Is it over?

It would seem like an odd time to declare Obama the nominee, given that a new national poll shows Hillary ahead of Obama, but Politico.com has a fantastic piece stating just that.  Their thesis: so long as Obama leads in pledged delegates after the last primary ballot is cast on June 2nd, there is no wayamd_hilclinton.jpg the superdelegates will deny him the nomination. 

"The only way she wins is if Democratic superdelegates are ready to risk a backlash of historic proportions from the party’s most reliable constituency," posit the authors.  "She has only one scenario for victory. An African-American opponent and his backers would be told that, even though he won the contest with voters, the prize is going to someone else. People who think that scenario is even remotely likely are living on another planet."

Politico speaks the truth.  I've held all along that if Obama leads in states won, pledged delegates, and popular vote after June 2nd, then it's over.  Politico does me one better, essentially, in saying that even the popular vote won't matter if Obama leads in pledged delegates.  And why? Because the Democratic party won't risk splintering the party -- which it most certainly will -- by denying the primary winner a chance at becoming the first African-American president.  It's that simple.  And that's why this race is over, save a monumental misstep (and no Reverend Wright doesn't even come close to counting as a misstep, let alone a monumental one).

The only real question will be if Hillary wants to put the party -- and the Clinton legacy -- at risk by asking the superdelegate to overturn the will of the people by scaring them about Obama's electability.  That's her only road to victory at this point.    


Where would you like that knife, Hillary?

New Mexico Governor Bill Richardson, a former presidential aspirant, is expected to endorse Barak Obama sometime this morning, according to CNN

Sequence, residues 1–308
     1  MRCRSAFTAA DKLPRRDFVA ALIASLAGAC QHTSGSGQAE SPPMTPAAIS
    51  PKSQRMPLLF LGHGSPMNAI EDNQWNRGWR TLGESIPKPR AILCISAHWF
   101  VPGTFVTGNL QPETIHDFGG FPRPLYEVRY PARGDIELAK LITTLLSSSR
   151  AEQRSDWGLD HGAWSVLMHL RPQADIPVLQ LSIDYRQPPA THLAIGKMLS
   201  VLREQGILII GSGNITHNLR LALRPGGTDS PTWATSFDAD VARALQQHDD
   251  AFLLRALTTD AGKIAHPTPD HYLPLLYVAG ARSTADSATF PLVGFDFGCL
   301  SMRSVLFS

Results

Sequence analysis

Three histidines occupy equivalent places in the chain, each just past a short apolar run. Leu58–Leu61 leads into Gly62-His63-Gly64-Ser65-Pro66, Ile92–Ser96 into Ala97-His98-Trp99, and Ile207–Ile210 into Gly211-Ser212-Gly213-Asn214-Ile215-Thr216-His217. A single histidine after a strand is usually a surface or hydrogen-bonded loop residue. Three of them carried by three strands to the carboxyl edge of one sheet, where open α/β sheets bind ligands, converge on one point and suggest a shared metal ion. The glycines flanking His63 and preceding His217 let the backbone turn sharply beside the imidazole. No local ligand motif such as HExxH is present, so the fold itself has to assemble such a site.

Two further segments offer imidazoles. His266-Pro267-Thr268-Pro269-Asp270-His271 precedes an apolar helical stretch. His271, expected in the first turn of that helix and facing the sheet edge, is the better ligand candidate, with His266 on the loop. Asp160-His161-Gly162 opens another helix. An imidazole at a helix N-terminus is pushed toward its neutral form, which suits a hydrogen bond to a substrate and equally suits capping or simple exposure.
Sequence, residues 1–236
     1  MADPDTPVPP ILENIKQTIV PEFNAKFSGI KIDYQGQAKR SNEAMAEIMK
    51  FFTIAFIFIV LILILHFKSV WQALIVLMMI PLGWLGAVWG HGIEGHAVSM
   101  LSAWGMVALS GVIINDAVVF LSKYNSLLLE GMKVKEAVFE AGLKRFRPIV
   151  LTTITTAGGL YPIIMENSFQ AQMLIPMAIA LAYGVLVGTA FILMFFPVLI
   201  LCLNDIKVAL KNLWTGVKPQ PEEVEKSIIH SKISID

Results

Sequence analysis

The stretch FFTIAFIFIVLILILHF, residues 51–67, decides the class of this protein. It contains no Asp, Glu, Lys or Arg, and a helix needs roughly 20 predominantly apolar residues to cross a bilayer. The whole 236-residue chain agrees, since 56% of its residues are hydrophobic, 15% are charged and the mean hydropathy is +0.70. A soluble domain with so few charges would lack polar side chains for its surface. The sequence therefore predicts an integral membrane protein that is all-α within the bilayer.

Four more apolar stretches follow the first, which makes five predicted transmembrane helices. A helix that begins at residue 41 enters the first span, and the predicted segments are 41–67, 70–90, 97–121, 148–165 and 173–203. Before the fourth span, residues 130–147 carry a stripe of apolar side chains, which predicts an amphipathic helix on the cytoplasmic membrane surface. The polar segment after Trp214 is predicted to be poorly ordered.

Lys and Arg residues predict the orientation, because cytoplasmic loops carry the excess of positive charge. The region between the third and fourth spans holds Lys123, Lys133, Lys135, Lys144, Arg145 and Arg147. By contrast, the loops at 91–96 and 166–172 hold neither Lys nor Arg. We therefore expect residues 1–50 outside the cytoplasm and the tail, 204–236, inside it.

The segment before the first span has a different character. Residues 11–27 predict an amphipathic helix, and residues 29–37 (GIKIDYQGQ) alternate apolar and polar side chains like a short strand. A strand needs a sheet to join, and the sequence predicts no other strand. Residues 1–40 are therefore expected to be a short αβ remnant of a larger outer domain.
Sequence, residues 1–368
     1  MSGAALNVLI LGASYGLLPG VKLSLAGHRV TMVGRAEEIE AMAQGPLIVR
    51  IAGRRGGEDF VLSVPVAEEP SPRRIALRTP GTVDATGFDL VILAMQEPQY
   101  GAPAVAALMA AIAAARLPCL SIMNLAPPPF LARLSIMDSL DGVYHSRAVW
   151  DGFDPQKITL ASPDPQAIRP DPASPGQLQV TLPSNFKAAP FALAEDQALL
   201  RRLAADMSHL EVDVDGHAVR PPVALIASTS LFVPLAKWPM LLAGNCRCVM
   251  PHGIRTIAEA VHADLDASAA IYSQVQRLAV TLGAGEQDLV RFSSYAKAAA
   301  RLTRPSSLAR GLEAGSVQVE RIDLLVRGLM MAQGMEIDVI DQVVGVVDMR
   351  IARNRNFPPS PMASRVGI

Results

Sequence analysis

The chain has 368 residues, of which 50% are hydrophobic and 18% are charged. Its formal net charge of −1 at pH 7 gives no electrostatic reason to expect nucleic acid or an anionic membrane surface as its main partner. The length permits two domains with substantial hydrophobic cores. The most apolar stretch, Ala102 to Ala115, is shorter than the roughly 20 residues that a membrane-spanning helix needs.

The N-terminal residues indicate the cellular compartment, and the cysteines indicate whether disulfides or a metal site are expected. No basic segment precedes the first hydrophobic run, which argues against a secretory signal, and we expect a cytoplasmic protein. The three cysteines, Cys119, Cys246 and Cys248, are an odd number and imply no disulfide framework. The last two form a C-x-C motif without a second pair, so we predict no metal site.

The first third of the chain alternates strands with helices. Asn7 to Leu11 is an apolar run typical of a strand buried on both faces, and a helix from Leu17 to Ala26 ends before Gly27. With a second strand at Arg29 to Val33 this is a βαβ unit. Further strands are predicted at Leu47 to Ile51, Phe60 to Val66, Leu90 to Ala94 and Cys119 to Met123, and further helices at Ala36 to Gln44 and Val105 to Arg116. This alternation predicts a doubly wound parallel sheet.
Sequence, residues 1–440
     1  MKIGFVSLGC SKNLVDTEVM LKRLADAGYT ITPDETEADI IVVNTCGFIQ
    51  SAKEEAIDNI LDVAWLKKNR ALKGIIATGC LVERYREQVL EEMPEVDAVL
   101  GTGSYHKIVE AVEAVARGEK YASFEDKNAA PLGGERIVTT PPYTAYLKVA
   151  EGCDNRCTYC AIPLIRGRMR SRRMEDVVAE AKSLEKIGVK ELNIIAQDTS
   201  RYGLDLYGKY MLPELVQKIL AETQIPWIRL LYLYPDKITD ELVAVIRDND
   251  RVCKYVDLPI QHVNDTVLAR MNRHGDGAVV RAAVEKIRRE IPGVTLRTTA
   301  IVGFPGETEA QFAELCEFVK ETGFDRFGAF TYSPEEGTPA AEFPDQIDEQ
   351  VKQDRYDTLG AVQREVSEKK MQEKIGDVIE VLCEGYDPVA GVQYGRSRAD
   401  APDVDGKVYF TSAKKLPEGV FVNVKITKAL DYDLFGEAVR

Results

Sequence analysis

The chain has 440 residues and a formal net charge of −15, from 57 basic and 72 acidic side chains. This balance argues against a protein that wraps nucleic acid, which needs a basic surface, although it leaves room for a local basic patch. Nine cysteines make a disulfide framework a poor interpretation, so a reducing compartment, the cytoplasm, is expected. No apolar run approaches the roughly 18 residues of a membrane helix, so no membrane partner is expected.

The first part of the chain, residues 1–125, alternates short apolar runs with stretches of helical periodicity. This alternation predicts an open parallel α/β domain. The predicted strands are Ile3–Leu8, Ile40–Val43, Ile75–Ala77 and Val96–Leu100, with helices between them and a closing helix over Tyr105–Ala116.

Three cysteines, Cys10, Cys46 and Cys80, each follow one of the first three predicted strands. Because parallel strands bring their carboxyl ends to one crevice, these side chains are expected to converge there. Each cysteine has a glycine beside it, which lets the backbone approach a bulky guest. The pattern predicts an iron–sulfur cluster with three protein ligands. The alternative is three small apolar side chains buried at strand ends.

Since dropping out of the race following a dismal richardson01.jpgshowing in New Hampshire, Richardson has made it clear that he was torn between the two candidates.  While he's known the Clinton's much longer, and in fact is indebted to former President Clinton for putting him in the cabinet twice, he seemed to have bonded more with Obama while on the debate circuit.  We'll have to see what his official reason is for throwing his lot to Obama at this moment, but no doubt the Clinton camp will very disappointed.  If fact, they had been lobbying him so hard that President Clinton even watched the Super Bowl with Richardson at the Governor's mansion in New Mexico. 

For Obama, this endorsement comes at a perfect time: it's another super delegate in his column; it takes some of the attention off the Reverend Wright stuff; and is an important sign of "institutional credibility" from the Democratic leadership.  It will be interesting to see if the other uncommitted leaders like Nancy Pelsoi and Al Gore weigh in anytime soon, too. 


The race speech

Barak Obama gave his much anticipated speech on race in America yesterday, and theobama1.jpg early verdict is that it was one of the most powerful, eloquent and nuanced discussion of race
relations in recent political history.  I can't remember the last time a candidate gave such an honest dissertation on a difficult subject, and did it without pandering.  Will it stop the bleeding on the Reverend Jeremiah Wright firestorm? Probably.  It seems silly to keep discussing Wright's screeds in light of Obama's commentary, at least during the remainder of the primary.  Should he win the Democratic nomination, however, it'll almost certainly be discussed in the general election.


Supreme Court

The 2nd Amendment -- the right to bear arms -- may be slightly off topic for this blog, but today PH2007112002362.jpgthe Supreme Court today heard oral arguments in case challenging the District of Columbia's ban on hand guns, and seems poised to return some rights back to gunowners.  The reason I bring it up is that the lead attorney for the gunowners challenging the ban, Alan Gura, was a law school classmate of mine at Georgetown, and is one of the most brilliant Constitutional lawyers around.  Should the Supreme Court overturn the District's ban, it will be a historic win for gunowners everywhere.


Nick on radio

I was on the Ralphy Bailey radio show this weekend, and we covered everything from the current election, to Adlai Stevenson, Joe McCarthy, and the duel between Aaron Burr and Alexander Hamilton.  Probably the most fun I've had doing an interview yet. Check it out here. Whoopi Goldberg also re-ran her interview with me from two weeks ago in her "best of" show.  My mom is very happy.


Nick on Fox Business News talking about political sex scandals